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Standards and Assessments: Where We Are and What We Need

by Linda Darling-Hammond - February 16, 2003

Standards-based reform was proposed as a means to bring coherence to the education system and trigger reforms and investments targeted at greater learning. These benefits have materialized in some states but not others, depending on their strategies for change. This article proposes mid-course corrections needed to ensure that standards-based reforms support student success, rather than punishing those who are already underserved.

From one perspective, the standards-based reform movement in the United States has been extremely successful:  At least 47 states have created standards for student learning; many have also adopted new curriculum frameworks to guide instruction and new assessments to test students' knowledge.  Many school districts across the country have weighed in with their own versions of standards-based reform, including new curricula, testing systems, accountability schemes, and promotion or graduation requirements.


Yet not all of these initiatives have accomplished the goals that early proponents of standards-based reforms envisioned.  Advocates hoped that standards outlining what students should know and be able to do would spur other reforms that mobilize resources for student learning, including high quality curriculum frameworks, materials, and assessments tied to the standards; more widely available course offerings that reflect this high quality curriculum; more intensive teacher preparation and professional development guided by related standards for teaching; more equalized resources for schools; and more readily available safety nets for educationally needy students (O’Day and Smith, 1993).  This comprehensive approach has been followed in some states and districts, such as Connecticut, Kentucky, Maine, and North Carolina as well as New York’s District #2, San Diego, and New Haven, California. In these cases, investments in improved schooling and teaching have improved student achievement while enhancing teaching and taking steps to equalize educational opportunity.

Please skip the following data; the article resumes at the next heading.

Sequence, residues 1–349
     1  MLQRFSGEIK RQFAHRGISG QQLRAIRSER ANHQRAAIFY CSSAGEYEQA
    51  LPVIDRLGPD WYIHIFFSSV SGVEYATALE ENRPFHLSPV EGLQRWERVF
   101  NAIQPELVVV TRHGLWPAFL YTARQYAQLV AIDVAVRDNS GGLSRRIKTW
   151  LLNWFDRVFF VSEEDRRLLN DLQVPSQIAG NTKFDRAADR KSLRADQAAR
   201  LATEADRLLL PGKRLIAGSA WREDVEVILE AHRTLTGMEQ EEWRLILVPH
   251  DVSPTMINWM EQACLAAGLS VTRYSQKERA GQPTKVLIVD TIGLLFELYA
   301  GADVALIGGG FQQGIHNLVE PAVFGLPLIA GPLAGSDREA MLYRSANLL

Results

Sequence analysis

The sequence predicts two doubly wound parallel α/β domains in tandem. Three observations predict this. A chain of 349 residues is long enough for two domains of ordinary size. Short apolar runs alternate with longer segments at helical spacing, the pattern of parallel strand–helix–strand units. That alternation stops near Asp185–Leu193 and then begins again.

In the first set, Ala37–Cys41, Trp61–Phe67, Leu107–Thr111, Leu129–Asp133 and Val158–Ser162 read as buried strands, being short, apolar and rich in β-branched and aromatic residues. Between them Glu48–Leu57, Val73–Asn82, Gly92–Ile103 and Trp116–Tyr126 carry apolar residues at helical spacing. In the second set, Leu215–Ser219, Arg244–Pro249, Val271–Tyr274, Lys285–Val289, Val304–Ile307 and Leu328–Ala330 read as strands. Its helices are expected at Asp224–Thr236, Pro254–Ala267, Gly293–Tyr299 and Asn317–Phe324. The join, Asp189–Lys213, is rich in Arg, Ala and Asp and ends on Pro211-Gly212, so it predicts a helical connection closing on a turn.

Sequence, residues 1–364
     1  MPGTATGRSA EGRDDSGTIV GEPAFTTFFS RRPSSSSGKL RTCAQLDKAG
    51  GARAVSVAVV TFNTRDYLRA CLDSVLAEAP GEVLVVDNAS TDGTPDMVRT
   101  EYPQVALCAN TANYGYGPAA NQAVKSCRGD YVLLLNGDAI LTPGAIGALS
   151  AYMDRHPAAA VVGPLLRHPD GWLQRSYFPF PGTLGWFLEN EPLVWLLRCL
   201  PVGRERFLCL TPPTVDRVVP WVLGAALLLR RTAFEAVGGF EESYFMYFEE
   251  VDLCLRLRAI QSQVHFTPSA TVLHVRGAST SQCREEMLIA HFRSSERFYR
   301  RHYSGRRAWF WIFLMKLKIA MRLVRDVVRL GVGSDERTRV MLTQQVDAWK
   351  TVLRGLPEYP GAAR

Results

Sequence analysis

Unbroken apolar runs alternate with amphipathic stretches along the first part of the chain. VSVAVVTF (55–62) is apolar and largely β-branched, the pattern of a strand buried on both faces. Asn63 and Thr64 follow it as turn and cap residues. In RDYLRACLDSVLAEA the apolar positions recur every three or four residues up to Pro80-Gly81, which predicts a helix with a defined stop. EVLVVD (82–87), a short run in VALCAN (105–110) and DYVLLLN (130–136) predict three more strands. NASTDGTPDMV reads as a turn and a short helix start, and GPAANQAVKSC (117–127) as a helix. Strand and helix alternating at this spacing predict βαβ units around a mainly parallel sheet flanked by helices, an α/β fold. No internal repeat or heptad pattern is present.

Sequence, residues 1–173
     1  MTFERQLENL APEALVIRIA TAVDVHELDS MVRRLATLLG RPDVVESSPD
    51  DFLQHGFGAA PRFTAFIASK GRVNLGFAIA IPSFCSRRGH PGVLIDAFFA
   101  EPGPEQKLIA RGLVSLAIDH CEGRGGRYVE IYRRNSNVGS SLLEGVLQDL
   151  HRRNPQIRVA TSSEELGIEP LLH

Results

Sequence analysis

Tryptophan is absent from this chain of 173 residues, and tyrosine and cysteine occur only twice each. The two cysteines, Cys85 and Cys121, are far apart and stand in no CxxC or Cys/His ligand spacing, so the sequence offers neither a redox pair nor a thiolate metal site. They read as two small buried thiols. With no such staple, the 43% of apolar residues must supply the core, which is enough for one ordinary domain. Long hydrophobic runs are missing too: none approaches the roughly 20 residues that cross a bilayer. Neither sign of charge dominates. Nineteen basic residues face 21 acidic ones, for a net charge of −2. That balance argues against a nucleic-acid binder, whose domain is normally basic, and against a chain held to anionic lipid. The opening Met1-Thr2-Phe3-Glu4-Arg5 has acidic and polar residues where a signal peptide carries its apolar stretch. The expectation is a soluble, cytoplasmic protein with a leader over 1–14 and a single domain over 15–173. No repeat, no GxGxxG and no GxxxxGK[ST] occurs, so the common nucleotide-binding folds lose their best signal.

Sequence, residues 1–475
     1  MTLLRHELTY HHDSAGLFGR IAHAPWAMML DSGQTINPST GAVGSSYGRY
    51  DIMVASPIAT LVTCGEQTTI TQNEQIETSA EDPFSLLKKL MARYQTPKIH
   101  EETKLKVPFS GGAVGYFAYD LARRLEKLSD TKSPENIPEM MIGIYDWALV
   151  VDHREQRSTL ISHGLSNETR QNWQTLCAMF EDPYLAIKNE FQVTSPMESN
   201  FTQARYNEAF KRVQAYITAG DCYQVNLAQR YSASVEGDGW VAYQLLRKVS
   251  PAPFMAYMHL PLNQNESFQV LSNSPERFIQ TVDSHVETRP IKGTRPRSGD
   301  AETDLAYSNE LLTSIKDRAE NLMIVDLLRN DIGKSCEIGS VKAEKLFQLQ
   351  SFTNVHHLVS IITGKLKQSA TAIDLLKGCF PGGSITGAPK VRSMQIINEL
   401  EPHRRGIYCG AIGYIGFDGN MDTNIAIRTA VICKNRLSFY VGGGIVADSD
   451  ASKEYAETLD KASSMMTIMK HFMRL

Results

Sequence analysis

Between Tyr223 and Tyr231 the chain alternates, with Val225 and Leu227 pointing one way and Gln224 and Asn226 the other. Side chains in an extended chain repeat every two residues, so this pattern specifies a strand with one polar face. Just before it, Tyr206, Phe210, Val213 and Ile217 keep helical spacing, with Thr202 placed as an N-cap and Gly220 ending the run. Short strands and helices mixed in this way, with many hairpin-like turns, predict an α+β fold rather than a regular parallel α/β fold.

However, this comprehensive approach to improving education has not been pursued everywhere.  In a number of states, the notions of standards and `accountability' have become synonymous with mandates for student testing that are detached from policies that might address the quality of teaching, the allocation of resources, or the nature of schooling.  In states where “high stakes testing” is the primary policy reform, disproportionate numbers of minority, low-income, and special needs students have failed tests for promotion and graduation, leading to grade retention, failure to graduate, and sanctions for schools, without efforts to ensure equal and adequate teaching, texts, curriculum, or other educational resources.  A new generation of equity lawsuits has emerged where standards have been imposed without attention to educational inequalities.  “Adequacy” litigation in Alabama, California, Florida, New York, South Carolina, and elsewhere has followed recently successful equity lawsuits in Kentucky and New Jersey. 


There are other concerns about the quality of tests many states are using and their influence on the curriculum, about the negative effects of high stakes tests on student placements and opportunities to learn, and about the unintended consequences of incentive systems that reward or sanction schools based on average student scores rather than value-added assessments of student growth.  These approaches appear to create incentives for pushing low-scorers into special education, holding them back in the grades, and encouraging them to drop out so that schools’ average scores will look better.  Evidence of rising dropout rates in Georgia, Florida, Massachusetts, New York, and Texas has been tied to the effects of grade retention, student discouragement, and school exclusion and transfer policies stimulated by high stakes tests.


In addition, sanctions for low-scoring schools appear to reduce the likelihood that they can attract and keep qualified teachers.  For example, Florida’s use of aggregate test scores, unadjusted for student characteristics, to allocate school rewards and sanctions led to reports that qualified teachers were leaving the schools rated D or F “in droves” (DeVise, 1999; Fischer, 1999), to be replaced by teachers without experience or training.  As one principal queried, “Is anybody going to want to dedicate their lives to a school that has already been labeled a failure?''


States and districts that have relied primarily on test-based accountability emphasizing sanctions for students and teachers have often produced greater failure, rather than greater success, for their most educationally vulnerable students.  More successful reforms have emphasized the use of standards for teaching and learning to guide investments in better prepared teachers, higher quality teaching, more performance-oriented curriculum and assessment, better designed schools, more equitable and effective resource allocations, and more diagnostic supports for student learning.


There are at least three areas in which mid-course corrections are needed if standards and assessments are to support improved education rather than greater inequality: